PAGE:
Compare that with someone who has a full-time job. God forbid they also have kids. Do you think they can finish your Python Programming test when their daughter is asking them, "Why don't islands float away?"

5. Expression of Interest

Even if a candidate doesn't do very well on the assessment, their investment of time and effort into it is a sign of their hard work and diligence. Especially for an Entry-level role, this is useful to know because such roles typically involve a lot of grunt work. Choosing to do an assessment also indicates the candidate's interest in joining your company. 

For reasons of time and availability mentioned above, senior employees may decline to do an assessment. But, if an entry-level candidate declines, recruiters can looks upon it unfavourably.

Best Practices to conduct Entry-level Assessments

Despite what we mentioned above about Entry-level candidates and how they shouldn't be declining assessments, we obviously empathize with them for having to do too many assessments. As such candidates apply to tens of jobs, completing one assessment per job position becomes very difficult.

Here are a few tips for recruiters on how to make this experience better for the candidates.

1. Use a Centralized Platform

Don't create your own tests. Use something like Equip so that if the candidate has finished a test for that skill, they need not take the same test again. Tests on such platforms are standardized like the SAT or GRE that multiple universities can use. A candidate is much more likely to take your assessment if they know that their score can be reused by others, in case they don't get the job at your company.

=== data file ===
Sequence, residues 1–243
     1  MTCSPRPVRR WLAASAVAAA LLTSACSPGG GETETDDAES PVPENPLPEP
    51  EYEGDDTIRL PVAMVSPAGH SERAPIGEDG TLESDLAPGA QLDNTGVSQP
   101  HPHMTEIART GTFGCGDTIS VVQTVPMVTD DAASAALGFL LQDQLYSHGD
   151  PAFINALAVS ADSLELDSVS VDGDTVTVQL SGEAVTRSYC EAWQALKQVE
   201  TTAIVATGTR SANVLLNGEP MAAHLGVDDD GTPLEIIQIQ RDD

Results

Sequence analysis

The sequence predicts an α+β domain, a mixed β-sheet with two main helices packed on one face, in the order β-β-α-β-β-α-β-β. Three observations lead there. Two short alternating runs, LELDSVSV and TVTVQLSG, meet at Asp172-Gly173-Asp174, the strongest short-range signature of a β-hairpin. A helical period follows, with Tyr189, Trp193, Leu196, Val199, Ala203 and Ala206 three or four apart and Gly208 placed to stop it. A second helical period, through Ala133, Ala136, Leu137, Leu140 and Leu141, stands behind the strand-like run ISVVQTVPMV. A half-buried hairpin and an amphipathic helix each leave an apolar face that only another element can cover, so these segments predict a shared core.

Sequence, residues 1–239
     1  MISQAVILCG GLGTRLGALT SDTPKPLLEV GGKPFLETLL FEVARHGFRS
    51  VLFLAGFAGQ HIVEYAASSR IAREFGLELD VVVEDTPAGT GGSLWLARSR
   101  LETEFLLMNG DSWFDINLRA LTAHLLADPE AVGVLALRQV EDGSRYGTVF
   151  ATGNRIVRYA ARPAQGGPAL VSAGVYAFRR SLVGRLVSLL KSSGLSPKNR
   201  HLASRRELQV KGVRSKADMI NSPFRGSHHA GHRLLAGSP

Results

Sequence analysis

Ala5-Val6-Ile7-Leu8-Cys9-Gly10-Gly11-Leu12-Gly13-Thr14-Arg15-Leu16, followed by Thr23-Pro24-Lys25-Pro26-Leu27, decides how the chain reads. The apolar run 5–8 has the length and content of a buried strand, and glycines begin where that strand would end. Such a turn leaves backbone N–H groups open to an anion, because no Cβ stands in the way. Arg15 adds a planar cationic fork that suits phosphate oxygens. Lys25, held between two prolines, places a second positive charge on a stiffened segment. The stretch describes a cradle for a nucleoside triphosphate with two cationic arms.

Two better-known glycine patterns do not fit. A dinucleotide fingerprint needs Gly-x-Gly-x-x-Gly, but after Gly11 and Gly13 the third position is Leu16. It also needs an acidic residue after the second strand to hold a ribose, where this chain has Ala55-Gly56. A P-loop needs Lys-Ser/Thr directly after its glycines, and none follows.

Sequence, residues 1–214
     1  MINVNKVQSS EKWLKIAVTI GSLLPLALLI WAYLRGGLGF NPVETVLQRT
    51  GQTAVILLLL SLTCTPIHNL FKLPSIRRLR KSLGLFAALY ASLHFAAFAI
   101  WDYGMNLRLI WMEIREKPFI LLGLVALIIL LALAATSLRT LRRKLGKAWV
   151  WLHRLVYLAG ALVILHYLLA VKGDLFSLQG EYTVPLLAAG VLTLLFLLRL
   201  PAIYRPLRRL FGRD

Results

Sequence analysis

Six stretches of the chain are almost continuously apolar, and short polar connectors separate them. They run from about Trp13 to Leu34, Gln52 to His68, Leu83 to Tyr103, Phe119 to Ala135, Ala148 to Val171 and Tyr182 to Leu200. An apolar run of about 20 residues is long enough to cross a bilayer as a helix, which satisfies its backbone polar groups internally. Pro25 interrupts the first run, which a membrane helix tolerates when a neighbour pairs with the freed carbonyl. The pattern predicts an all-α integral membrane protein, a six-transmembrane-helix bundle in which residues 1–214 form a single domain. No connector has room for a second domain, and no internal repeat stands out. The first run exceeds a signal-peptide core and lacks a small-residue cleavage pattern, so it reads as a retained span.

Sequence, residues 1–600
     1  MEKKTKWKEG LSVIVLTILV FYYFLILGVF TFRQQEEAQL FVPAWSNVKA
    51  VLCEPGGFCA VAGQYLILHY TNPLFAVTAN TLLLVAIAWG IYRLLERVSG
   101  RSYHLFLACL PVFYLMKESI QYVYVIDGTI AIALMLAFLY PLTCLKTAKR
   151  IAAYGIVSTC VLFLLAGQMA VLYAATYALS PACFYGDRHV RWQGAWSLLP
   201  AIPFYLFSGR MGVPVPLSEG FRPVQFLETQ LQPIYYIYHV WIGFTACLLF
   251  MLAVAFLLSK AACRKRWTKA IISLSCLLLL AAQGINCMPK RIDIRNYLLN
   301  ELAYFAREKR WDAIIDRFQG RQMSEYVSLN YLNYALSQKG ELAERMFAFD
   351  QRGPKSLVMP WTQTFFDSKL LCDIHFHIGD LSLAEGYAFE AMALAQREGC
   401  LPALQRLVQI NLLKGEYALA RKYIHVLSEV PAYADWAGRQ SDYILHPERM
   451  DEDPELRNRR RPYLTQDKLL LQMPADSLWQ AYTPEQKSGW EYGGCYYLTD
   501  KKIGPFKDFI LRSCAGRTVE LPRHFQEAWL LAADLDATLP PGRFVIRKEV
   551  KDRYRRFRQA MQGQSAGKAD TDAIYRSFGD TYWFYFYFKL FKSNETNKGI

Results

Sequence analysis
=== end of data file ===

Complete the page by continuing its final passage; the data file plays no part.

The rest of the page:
2. Shorten your tests, and stagger them

Do not give a candidate a single 3-hour test. Break them up into smaller tests that don't take up more than 30 minutes or so. If a candidate makes it past a certain stage, communicate that they have qualified to a smaller pool and then give them another test.  Again, platforms like Equip can help you do this.

Candidates are much more likely to take two tests of 30 minutes than of 1 test of 1 hour, if they know that the second test is more selective.

3. Improve the UX of taking the test

The candidate should be able to just click a link and start the test. The more difficult you make the "setting up" of the test, the higher your dropout will be. If your test is a simple quiz, consider allowing them to take it on a mobile phone.

Getting assessed should be a breeze, and a long, drawn-out process. Candidates are much more likely to engage with future rounds if you can show them how simple the first round is.

Don't Hate Us, O Entry-level Candidate!

If you are an Entry-level candidate who has read this far without tweeting about how patronizing and inconsiderate this blogpost is, you are a very gentle soul! (Or, er, you don't use Twitter.) But, that isn't the intention at all.

Hiring is a critical function to every organization and we want recruiters to make well-informed decisions on the tools they should use. From our experience in the field, we know that recruiters find us most effective when hiring for Entry-level jobs. That's all.